As all Victorians prepare to start wearing face masks from this weekend, there seems to be conflicting information about the efficacy of wearing a surgical mask versus a fabric mask to lower the transmission rate of coronavirus.
When it comes down to it, any form of a mask is better than none, but the number of layers in the makeup of your mask will determine whether or not it can offer you adequate protection, according to Dr Rohit Modak, a board-certified infectious disease specialist with Virginia Hospital Center Physician Group.
“Surgical masks do work better,” says Dr Modak.
“They have two layers to them, which works by blocking viral transmission, and also by creating an electric static charge, i.e. not allowing viral particles to get past it. Additionally, they are generally more breathable, and comfortable to wear for prolonged periods of time.”
Last week, Melburnians had to scramble to get face coverings or risk of a $200 fine, and Victorians in regional areas will soon need to do the same. The government messaging says anything from a surgical mask to a scarf is fine as long as someone’s mouth and nose are covered while outside of the home, unless they fall under an approved category to not wear a mask while in public.
Dr Modak says cloth masks do work “if they are the proper fit”.
“Most cloth masks these days are made with two levels of fabric, so they also create this static charge to block the virus,” he says.
“Cloth masks tend to get hot and are not as comfortable for longer periods of time so the user is more likely to wear them improperly, or even take them off entirely.”
When it comes to choosing a mask, whether it’s a disposable surgical mask or reusable fabric mask, it’s important to ensure there is more than one layer so that you are fully protected.
The public has seen some conflicting instructions around wearing face masks; in Melbourne for instance, it wasn’t previously recommended to wear a mask but now it is a mandatory practice. Dr Modak says over the past six months as health professionals, scientists and researchers have learned more about the virus, recommendations have changed to meet the demands of the pandemic.
“Initially, we didn’t know exactly how this virus spread, and we wanted to conserve supplies for front line medical workers,” he says.
“With the advent of cloth masks that people could even make at home, universal masking became a much more feasible policy.”
While recommendations around the wearing of face masks have changed over the past few months, and in different parts of the world, Dr Modak says mask wearing will become a vital exercise for the lowering and eventual eradication of the virus:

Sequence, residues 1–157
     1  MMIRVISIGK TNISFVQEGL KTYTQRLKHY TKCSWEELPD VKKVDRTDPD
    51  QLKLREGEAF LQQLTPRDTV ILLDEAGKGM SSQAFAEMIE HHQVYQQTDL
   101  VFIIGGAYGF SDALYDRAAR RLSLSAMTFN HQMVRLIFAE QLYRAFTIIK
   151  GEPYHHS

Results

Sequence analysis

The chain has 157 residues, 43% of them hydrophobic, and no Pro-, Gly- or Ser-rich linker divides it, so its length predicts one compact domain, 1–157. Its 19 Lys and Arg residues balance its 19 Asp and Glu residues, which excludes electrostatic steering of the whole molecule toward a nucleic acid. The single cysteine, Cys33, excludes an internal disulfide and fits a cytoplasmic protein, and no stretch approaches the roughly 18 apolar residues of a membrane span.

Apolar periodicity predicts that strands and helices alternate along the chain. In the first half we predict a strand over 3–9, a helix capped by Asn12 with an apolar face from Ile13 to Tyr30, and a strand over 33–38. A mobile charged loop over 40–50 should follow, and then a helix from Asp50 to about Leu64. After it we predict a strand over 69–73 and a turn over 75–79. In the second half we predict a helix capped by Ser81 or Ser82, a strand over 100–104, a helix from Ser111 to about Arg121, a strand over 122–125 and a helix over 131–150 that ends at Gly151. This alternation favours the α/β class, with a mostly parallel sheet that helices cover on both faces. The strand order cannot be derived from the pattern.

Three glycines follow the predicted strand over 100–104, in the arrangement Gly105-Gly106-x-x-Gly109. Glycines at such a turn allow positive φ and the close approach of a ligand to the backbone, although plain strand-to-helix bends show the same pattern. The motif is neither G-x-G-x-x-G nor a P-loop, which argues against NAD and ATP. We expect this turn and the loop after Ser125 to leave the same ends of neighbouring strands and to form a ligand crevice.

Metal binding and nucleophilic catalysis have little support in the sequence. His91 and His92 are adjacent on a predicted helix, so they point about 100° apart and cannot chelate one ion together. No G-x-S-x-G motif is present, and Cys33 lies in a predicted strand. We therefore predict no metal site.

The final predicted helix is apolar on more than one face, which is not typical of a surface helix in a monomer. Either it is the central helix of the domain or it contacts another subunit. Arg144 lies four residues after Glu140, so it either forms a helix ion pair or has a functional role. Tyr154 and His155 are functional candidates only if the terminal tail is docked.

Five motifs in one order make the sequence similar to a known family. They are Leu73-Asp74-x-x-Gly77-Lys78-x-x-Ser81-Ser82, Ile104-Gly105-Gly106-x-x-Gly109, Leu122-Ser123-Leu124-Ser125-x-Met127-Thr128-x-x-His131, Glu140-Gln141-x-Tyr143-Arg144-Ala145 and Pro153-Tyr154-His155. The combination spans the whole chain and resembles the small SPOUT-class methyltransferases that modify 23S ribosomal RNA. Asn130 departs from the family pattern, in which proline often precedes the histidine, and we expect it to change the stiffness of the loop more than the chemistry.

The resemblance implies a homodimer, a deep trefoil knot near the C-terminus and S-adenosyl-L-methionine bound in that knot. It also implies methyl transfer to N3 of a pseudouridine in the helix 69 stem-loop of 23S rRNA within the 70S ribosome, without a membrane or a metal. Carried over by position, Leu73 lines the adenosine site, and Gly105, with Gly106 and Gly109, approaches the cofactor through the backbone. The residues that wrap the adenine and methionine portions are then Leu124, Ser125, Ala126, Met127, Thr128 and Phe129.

“I think it is vital for the public to wear masks. They can effectively stop the spread of COVID-19. They prevent the spread of the virus from an infected patient. We now believe that even asymptomatic patients can spread the virus, so if everyone is masked, then we are blocking the virus at its source!”
Dr Modak also points to another key function of a surgical mask and or fabric mask: they prevent people from touching their face, which is one of the key ways that people become infected with COVID-19.
“Most people don’t think they rub their face, and most people are wrong about this! Wearing a mask will block this auto-inoculation,” he says.
“Finally, wearing a mask will prevent the inhalation of viral particles. Surgical masks and cloth masks are not airtight, so the wearing of a mask is more about protecting others than yourself; however, it will block some of the viral particles, and therefore offer some protection.”
More than 20 US states have issued orders for face masks to be worn while in public places and Dr Modak says this has made a drastic difference to transmission rates, in the absence of a cure or vaccine.
“Masks have made an absolute difference in lowering transmission rates, says Dr Modak, who is based in Virginia.
“We have been dealing with this pandemic for 6 months. The tools we have in our arsenal to control COVID-19 are hygiene, screening and contact tracing, social distancing and masking. For the general public, social distancing and masking are the keys to preventing spread.”
August 19th is a date that looms for most Melburnians who are wondering if it will actually be the end of the current six-week stay-at-home orders. There’s also a question mark over whether or not the wearing of face masks will become a mandatory practice into the future.
Dr Modak says: “I don’t think what we are seeing now will become the new normal, but I also don’t think that we will go back to what things were like one year ago. I suspect there will be some masking always at hospitals, in grocery stores, and at large gatherings. I don’t think we will mask in social situations with family and friends. Perhaps what we commonly see in Asian countries with people masking in public and around strangers will become the new norm across the world.”